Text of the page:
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Many epidemics of fever ravaged Europe from ancient times through the early 20th century. But one disease stands out in historical accounts because authors describe patients appearing to recover before relapsing into fever again and again. This disease has been around for so long that Hippocrates described a series of such fevers that struck the city of Thasos in the wake of an especially harsh winter, and outbreaks have persisted through last century.
The disease tended to show up when times were hardest. Over the centuries, records describe epidemics of a nearly identical illness, usually on the heels of war or famine, with isolated cases popping up between times among the poor. One such epidemic struck during the Great Irish Famine of 1846 to 1852. Another ravaged Central Europe and Russia in the aftermath of World War I, killing at least five million people.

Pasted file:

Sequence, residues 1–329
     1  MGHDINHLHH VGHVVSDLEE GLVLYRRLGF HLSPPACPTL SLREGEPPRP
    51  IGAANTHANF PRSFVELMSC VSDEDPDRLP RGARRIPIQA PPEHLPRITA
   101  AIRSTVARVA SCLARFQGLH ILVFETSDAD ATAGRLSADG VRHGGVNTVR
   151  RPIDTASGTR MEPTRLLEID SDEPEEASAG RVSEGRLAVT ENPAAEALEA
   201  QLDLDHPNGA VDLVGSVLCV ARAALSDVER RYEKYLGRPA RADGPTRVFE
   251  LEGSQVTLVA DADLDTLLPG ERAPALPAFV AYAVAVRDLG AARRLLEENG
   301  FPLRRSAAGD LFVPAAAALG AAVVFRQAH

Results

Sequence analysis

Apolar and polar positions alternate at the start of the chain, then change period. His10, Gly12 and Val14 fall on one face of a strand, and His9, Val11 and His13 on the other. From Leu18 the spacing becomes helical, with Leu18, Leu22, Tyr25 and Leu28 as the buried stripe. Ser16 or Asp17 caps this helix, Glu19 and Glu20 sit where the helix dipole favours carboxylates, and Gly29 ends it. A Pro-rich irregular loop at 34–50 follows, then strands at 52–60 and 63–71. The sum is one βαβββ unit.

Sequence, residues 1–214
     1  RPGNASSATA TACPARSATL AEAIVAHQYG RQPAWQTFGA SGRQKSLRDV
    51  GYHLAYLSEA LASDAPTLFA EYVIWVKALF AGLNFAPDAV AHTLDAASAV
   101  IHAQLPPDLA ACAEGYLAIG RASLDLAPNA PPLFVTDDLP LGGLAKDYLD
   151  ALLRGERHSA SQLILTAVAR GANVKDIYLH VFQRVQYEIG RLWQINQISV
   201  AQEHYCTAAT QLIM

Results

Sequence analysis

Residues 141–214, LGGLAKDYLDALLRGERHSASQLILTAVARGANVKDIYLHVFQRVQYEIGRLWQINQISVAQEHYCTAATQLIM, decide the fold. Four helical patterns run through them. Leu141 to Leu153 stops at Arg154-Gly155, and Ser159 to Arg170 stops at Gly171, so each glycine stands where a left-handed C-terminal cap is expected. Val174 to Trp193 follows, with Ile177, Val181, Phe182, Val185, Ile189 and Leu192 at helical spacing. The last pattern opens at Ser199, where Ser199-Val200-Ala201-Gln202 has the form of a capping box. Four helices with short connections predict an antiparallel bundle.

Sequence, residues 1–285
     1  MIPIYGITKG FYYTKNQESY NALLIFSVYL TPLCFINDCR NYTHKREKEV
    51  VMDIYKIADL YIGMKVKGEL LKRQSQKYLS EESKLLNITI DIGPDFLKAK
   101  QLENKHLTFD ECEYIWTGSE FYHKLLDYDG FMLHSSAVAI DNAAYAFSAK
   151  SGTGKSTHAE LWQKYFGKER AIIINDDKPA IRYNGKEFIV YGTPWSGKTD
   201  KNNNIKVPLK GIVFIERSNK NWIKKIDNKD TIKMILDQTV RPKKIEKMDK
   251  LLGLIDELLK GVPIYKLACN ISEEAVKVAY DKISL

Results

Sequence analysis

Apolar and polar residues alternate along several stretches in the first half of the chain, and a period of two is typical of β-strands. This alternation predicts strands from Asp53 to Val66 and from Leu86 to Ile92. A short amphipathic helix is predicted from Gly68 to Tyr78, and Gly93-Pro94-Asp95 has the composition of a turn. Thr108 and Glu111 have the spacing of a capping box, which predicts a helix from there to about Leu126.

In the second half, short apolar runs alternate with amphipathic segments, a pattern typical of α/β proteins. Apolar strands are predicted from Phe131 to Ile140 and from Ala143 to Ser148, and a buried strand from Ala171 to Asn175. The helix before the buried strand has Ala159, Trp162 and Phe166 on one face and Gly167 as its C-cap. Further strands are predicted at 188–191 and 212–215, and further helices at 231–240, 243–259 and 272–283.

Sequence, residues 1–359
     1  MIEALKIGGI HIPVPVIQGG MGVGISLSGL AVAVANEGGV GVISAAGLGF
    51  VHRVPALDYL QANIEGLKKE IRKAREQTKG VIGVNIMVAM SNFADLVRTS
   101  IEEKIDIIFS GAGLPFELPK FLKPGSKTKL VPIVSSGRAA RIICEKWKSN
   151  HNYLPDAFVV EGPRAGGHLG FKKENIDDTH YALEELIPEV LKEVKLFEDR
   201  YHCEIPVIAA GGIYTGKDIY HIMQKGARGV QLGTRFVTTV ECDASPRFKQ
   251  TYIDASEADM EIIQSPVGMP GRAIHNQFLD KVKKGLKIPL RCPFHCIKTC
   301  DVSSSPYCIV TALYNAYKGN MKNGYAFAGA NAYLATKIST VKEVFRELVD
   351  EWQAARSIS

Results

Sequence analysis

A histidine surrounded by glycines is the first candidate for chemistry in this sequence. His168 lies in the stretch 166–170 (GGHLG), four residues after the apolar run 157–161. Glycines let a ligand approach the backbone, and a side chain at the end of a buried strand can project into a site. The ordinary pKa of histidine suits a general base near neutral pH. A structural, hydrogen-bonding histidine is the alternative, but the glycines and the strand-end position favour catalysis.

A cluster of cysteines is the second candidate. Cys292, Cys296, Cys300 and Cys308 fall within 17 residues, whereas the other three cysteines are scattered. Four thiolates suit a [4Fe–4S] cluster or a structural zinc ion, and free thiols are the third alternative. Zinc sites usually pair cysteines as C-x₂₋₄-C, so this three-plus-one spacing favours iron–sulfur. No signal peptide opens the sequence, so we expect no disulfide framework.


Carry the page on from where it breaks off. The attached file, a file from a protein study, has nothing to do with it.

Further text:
For years, historians have blamed those epidemics, termed louse-borne relapsing fever (LBRF), on Borrelia recurrentis, a twisting, spiral-shaped bacterium transmitted only by the human body louse. The logic was simple: B. recurrentis causes the only relapsing fever we know of that’s carried by lice and capable of spreading fast enough to cause an epidemic. Although it seems to make frequent and horrible appearances in the historical record, LBRF has been totally invisible in the archaeological record. A new study changes that and provides evidence that B. recurrentis is indeed at fault.
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